Article V: This article also provides a good mode of settling the controverted point.
Article VI: It was ever my opinion, that no adjustment of the controversy on the inexecution of the former Treaty was ever likely to be made, which would not embrace an indemnification for losses sustained in consequence of legal impediments to the recovery of debts; and indeed it always appeared to me just that an indemnification should be embraced.
The article of the former Treaty on this head was as I conceive nothing more than the formal sanction of a doctrine which makes part of the modern law or usage of Nations. The confiscation of private debts in time of War is reprobated by the most approved writers on the laws of Nations--and by the negative practice of civilized nations during the present century. The free recovery of them therefore on the return of peace, was a matter of course and ought not to have been impeded had there been no article.
Admitting that the first breaches of the Treaty were committed as we alleged by Great Britiain, still it would not follow that the impediments which the laws of certian States opposed to the recovery of debts were justifiable.
First because it manifestly lay with the general Government to which belonged the powers of Treaty war and peace to decide whether in consequence of the breaches of Treaty on the other part it would elect to consider as void the whole, or any article of the Treaty. The General Government never did so decide but on the contrary repeatedly and wisely manifested a different dispoition--wisely because it was inexpedient to set afloat so imporatnt a Treaty which terminated the question of the Revolution with the Government with which we had contended and to widen a breach which might at an early stage involve us anew in war. Consequently, the only competent authority having declined to pronounce, it was a usurpation in any state to take upon itself the business of retaliation.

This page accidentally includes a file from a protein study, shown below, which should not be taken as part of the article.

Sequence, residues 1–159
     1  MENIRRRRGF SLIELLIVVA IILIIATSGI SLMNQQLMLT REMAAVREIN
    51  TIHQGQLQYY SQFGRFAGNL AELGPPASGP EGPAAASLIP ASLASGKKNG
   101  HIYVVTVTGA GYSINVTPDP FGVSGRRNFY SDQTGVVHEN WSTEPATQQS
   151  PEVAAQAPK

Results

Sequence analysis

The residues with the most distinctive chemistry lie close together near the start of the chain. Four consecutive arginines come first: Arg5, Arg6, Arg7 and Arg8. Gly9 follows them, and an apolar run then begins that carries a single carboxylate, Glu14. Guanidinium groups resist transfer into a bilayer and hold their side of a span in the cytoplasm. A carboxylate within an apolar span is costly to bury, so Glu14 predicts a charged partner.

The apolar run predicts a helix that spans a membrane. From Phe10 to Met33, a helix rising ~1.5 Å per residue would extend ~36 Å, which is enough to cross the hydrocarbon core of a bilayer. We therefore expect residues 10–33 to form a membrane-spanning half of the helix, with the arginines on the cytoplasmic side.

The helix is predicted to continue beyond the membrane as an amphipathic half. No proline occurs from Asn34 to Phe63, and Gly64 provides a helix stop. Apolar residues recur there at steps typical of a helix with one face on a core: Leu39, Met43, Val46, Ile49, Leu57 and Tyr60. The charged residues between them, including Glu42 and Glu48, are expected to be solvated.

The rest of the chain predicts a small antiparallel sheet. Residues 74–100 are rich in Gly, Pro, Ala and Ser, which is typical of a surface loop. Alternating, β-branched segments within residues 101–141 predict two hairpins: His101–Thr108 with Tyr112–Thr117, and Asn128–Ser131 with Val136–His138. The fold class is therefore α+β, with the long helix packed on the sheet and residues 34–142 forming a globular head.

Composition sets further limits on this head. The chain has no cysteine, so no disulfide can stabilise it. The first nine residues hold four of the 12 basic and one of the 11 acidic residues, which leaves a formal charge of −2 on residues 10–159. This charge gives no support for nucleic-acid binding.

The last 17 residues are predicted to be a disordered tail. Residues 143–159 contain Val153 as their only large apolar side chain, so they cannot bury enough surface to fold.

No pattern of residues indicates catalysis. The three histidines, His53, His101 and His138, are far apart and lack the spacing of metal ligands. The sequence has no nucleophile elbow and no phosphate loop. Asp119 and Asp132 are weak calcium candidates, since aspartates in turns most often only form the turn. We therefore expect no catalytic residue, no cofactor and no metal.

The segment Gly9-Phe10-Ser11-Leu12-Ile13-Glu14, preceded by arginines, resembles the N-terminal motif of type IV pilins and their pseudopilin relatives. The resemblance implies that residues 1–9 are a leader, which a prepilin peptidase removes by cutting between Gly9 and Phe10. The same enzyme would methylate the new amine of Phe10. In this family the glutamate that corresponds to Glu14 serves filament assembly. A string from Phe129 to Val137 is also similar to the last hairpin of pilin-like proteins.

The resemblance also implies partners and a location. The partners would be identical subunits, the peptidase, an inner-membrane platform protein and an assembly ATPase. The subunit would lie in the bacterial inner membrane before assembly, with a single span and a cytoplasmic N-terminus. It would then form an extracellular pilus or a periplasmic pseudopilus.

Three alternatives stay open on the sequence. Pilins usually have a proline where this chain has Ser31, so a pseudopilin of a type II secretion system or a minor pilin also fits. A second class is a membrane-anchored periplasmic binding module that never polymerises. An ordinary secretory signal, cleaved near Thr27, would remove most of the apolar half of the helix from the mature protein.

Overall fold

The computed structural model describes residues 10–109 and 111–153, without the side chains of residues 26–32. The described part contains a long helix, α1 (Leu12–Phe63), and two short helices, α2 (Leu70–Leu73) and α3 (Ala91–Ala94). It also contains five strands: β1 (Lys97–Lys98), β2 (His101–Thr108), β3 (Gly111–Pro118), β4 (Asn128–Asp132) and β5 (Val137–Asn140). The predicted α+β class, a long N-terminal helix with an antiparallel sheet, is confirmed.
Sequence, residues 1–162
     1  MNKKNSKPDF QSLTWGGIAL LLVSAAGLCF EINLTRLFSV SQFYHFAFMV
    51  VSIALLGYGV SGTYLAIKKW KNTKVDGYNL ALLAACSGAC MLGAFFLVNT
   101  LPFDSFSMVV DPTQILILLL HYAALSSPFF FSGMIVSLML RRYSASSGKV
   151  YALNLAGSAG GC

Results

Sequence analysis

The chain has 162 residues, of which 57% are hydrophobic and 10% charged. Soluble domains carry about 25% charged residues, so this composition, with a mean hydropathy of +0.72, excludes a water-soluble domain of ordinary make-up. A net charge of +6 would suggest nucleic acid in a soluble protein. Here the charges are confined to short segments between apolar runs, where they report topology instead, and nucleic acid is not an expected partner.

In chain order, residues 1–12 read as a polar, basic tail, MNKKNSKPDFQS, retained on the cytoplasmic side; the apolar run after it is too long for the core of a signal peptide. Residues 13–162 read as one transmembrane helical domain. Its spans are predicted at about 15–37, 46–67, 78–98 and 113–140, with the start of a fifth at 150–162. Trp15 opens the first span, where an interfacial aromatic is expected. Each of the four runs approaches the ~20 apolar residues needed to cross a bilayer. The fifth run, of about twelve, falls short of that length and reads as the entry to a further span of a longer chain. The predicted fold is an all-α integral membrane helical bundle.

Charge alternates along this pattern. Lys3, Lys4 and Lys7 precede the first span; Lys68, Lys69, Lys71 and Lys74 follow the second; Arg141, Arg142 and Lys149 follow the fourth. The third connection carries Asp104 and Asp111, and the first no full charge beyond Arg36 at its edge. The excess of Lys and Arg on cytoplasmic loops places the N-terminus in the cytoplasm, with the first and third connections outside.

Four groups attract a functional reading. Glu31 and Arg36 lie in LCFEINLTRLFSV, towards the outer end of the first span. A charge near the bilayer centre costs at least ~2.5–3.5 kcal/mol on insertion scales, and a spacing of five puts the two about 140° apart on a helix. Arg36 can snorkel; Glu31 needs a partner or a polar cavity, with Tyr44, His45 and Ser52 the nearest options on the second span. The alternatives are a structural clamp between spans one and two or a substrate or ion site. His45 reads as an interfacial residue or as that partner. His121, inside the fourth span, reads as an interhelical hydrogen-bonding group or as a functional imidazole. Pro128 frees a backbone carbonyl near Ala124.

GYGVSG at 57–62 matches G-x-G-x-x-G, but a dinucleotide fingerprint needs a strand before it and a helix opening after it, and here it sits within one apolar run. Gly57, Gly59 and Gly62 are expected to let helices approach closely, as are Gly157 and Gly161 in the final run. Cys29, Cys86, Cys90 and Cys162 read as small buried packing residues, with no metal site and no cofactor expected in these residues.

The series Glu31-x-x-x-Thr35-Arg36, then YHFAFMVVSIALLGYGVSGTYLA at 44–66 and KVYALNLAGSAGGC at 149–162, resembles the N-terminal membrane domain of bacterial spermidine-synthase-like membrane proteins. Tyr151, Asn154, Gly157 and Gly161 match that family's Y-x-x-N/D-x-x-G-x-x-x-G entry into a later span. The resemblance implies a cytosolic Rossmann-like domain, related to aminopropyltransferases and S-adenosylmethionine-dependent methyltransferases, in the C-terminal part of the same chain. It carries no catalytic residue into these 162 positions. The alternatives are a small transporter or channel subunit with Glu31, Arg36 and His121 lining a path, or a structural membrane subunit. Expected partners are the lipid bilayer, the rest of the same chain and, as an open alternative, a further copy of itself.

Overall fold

Secondly Because the interruption of the recovery of Debts is contrary (as before observed) to the modern usage of nations--immoral in itself, against the opinions of the generality of enlightened men and disreputable to the Nation which has recourse to it. The practice of most of the States is in conformity with & is a comment upon this doctrine.
But the question who committed the first breach of the Treaty, if candidly examined, does not admit of as clear a solution in our favour as many imagine or assert.
Two breaches of Treaty are imputed to Great Britain one respecting the carrying away of the negroes and the other respecting the detention of the Posts.
As to the first Great Britain has much to say with Truth & Justice.
Her proceedings in seducing away our negroes during the War were to the last degree infamous--and form an indelible stain in her annals.
But having done it, it would have been still more infamous to have surrendered them to their Masters.
The reply to this may be that they ought not then to have stipulated it. This is just; but still the inquiry is whether they have stipulated it; and here the odiousness of the thing, as applied to them, is an argument of weight against such a construction of general expressions in the Treaty as would imply the obligation of restitution. Odious things are not favoured in the interpretation of Treaties and though the restoration of property is a favoured thing yet the surrender of persons to slavery is an odious thing speaking in the language of the laws of nations.
The words of the article are that his Britannic Majesty shall with all convenient speed and without causing any destruction or carrying away any negroes or other property of the American Inhabitants withdraw all his armies &c.
There are two constructions of this article one that the evacuation should be made without depredation that is without causing any destruction or carrying away any property, which continued to be such (having undergone no change by the laws of War) at the time of the evacuation--the other that there was to be besides a forbearance to destroy or carry away a positive restitution of all property taken in the War, and at the time of the evacuation which then existed in kind.
In favour of the last construction is the most obvious sense of the words; and as it applies to the negroes merely as an article of property, the justice of restoring what had been taken away in many instances by unwarrantable means.
Against it & in favour of the first construction are these considerations--
1 That the expressions are negroes and other property, which puts negroes cows horses & all other articles of property on the same footing, & considers them, if at all liable, equally liable to restitution and all as having equally the common quality of property of the American inhabitants.